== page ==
In mathematical analysis, distributions are generalized functions that permit the derivative to be extended to things which are not necessarily smooth. The theory of distributions was founded in the middle of the 20th century by the French analyst Laurent Schwartz, and independently by I. M. Gelfand and the Russian school. In Russian they are still called generalized functions. Distributions on a manifold X are defined as continuous linear functionals on the space of smooth functions having compact support. In distribution theory this space is conventionally denoted by D(X) or Cc(X), and the distributions therefore by D′(X) or C-∞(X). Because D(X) is not metrizable (unless X is compact) but only an LF space, the continuity condition is a little technical to state. (An LF space is the inductive limit of an ascending sequence of Fréchet spaces: roughly, the completeness condition is as good as that of a Fréchet space but you only have a uniformity with which to state it rather than a metric.) The advantage of distributions is that they can be differentiated indefinitely even though they may not be "smooth". We simply imagine that the integration by parts formula is valid, and define the derivative of a distribution u to be u′(φ) = u(-&phi′). This notion of differentiation turns out to yield a calculus with the correct properties.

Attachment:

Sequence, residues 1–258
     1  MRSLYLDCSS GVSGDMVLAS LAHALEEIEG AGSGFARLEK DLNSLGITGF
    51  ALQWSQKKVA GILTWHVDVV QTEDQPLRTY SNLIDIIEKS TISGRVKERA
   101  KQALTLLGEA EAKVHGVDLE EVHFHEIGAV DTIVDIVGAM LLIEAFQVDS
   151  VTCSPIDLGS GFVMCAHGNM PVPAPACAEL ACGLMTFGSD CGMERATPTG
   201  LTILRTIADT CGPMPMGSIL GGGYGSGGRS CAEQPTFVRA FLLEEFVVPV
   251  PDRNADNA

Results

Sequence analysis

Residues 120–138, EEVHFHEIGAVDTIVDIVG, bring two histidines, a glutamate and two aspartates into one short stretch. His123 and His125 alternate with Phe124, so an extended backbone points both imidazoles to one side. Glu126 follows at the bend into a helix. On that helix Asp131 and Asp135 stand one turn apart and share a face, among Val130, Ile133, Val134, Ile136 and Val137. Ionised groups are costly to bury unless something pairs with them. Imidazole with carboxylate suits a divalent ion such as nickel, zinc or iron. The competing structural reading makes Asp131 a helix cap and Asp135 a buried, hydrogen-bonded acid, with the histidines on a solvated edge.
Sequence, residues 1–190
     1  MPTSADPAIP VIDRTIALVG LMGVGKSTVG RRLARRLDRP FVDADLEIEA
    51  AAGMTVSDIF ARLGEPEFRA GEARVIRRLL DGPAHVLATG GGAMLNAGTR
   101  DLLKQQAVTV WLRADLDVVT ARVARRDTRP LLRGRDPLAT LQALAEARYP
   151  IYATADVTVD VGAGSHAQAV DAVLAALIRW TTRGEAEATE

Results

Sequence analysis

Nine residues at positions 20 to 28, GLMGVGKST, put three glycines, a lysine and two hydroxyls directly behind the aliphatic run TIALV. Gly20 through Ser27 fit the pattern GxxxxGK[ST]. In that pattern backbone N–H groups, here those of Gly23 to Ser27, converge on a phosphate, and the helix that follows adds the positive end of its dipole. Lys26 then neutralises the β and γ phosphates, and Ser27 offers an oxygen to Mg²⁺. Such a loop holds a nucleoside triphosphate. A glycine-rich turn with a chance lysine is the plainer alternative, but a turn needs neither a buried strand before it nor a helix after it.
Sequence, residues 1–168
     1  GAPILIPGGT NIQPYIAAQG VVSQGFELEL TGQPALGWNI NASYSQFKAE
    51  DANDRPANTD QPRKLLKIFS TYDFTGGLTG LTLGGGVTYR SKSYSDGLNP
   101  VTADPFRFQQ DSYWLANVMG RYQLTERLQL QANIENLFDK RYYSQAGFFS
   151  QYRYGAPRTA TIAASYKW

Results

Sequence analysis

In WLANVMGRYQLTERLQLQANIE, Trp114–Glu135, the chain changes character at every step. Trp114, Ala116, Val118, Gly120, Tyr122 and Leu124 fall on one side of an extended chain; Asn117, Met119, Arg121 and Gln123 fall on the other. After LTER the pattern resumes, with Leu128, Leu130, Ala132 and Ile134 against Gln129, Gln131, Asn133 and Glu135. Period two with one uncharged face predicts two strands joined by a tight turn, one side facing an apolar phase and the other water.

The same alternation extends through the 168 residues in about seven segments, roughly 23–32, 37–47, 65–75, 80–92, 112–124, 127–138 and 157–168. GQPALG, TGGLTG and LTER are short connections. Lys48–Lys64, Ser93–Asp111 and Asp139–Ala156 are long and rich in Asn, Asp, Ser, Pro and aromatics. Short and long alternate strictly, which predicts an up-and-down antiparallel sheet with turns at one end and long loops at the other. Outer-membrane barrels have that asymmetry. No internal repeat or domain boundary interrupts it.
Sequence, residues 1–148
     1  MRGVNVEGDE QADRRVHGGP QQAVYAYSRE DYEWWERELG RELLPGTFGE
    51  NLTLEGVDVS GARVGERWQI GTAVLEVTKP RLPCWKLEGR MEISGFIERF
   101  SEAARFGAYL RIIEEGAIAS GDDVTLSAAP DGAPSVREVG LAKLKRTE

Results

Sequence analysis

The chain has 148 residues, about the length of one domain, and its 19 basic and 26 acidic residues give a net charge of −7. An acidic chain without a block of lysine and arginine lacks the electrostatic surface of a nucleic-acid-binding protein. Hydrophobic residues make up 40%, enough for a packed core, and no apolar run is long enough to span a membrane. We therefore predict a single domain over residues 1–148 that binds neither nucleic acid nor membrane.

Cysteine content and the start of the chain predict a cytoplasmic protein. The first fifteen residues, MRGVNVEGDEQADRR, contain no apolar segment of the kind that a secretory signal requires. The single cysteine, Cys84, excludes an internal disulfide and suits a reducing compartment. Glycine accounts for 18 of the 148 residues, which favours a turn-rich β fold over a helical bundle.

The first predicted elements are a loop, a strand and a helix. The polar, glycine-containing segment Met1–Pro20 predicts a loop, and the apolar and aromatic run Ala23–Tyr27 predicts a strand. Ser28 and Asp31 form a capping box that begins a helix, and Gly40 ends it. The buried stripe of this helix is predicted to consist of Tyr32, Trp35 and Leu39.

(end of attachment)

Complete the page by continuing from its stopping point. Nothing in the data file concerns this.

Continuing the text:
Note that the word distribution is used by statisticians to mean something very different.

For more information, consult a textbook on partial differential equations for pure mathematicians. I like the first volume of Michael Taylor's three-volume work.

A "distribution" is a transaction in which a corporation pays money to its shareholders. There are two basic types of distributions:

The board of directors has the sole power to authorize a distribution.

From a shareholder's perspective, the two types of distribution are very different. Dividends are essentially a freebie—the shareholder gets cash, and they don't have to give anything in return. (Note that "stock dividends," also known as splits, are not distributions since the corporation is not paying anything.) Stock repurchases, to a shareholder, are the same as selling stock on the open market—they get paid in exchange for giving up their interest in the company.